Proposed censorship measures in several US states could keep you from being allowed to read some books in our Nation's libraries.
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Books are being banned in libraries across the country simply because a handful of extremists disagree with the content of the books.
Some of these measures could also lead to the arrest of librarians as a result of their commitment to free speech and access to library materials.
Some provide monetized incentives to ban books.
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Librarians in states like Texas, Indiana, and Wyoming are facing measures that mean that they may soon find themselves under attack for stocking books against racism and about the lives and experiences of LGBT Americans.
“Not being told what to think taught me how to think,” one library advocate pointed out on social media.
New threats to librarians and their defense of free speech come in the wake of educators across the country being forced to defend the use of books that object to racism in their classrooms in the face of politically inspired complaints.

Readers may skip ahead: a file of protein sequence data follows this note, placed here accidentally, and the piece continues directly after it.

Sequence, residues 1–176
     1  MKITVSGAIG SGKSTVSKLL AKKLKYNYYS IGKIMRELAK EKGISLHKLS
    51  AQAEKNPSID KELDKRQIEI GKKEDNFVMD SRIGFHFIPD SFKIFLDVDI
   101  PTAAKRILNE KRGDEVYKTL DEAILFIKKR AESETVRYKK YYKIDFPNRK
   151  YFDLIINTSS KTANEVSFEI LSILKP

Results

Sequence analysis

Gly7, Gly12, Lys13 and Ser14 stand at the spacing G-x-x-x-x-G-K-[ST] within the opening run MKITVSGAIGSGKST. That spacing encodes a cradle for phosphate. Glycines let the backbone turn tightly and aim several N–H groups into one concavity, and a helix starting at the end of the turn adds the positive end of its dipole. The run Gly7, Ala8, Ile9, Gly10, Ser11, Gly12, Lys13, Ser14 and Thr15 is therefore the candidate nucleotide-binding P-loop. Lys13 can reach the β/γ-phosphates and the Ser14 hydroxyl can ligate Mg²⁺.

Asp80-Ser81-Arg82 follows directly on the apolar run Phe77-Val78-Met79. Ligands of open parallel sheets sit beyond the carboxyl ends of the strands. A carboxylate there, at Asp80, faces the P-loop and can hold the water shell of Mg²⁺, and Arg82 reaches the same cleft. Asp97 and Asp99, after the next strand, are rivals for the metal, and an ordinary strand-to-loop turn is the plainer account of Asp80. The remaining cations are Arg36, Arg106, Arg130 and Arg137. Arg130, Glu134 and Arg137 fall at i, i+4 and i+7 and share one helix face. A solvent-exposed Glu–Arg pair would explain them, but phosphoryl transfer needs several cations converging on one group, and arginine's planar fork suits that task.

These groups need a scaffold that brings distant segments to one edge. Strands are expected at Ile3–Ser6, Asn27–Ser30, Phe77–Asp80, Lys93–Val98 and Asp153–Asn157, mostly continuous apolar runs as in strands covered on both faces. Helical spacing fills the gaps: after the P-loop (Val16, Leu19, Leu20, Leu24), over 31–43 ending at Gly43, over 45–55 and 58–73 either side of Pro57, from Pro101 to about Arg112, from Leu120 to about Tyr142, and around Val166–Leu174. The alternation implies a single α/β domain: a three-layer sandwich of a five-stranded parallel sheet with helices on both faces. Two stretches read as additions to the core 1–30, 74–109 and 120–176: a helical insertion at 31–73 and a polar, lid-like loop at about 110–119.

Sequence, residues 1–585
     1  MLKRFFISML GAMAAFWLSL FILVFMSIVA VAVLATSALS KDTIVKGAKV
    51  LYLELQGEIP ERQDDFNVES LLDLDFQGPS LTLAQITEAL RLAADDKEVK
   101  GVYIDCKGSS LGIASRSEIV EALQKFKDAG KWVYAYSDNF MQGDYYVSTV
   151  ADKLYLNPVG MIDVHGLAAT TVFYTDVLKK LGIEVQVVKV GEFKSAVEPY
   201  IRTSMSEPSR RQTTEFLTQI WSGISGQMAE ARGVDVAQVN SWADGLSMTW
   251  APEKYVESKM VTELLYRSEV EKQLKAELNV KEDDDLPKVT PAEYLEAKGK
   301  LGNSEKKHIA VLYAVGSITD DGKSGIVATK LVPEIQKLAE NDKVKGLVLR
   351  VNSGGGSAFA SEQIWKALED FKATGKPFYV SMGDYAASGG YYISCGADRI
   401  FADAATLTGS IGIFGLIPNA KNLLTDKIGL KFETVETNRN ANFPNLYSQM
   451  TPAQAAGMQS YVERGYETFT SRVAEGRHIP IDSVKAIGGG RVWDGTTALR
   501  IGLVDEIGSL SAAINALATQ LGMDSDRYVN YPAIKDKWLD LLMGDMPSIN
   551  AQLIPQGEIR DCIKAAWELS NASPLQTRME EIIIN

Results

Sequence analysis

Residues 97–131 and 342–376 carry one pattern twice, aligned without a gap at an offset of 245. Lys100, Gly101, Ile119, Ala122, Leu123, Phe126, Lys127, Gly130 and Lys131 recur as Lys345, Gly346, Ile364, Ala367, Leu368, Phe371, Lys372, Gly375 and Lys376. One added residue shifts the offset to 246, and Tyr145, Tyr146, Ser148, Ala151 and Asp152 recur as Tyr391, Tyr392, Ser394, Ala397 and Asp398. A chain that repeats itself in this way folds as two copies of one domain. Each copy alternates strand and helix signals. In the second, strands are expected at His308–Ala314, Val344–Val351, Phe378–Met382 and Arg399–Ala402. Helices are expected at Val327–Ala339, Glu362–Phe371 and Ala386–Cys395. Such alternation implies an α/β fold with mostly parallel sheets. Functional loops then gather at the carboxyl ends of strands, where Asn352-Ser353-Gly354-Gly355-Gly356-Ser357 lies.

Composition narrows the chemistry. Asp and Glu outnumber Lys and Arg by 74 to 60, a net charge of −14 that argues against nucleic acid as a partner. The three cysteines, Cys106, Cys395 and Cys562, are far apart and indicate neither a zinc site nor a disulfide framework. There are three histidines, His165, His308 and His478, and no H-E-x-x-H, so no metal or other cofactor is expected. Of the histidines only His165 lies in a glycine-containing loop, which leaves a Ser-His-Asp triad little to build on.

Recent news stories such as educators and librarians reporting being required to stock books that present opposing viewpoints (in favor) on the Holocaust have left many Americans feeling shocked and confused. In a campaign tactic to increase his name recognition and rally support, a candidate for Texas Attorney General recently succeeded in ordering school librarians to identify which of 850 book titles are currently in their school’s collection. In Wyoming, many have called for the removal of books that they disagree with accompanied by criminal charges and arrests for librarians found to be in noncompliance. In Indiana, a bill that would punish schools and public libraries for sharing “harmful material” with minors, was withdrawn before its final reading in the Senate by the author of the bill, Sen. Jim Tomes, R-Wadesville. According to this bill, schools and public libraries would be at risk for Level 6 felonies if parents disagreed with the books on the shelves.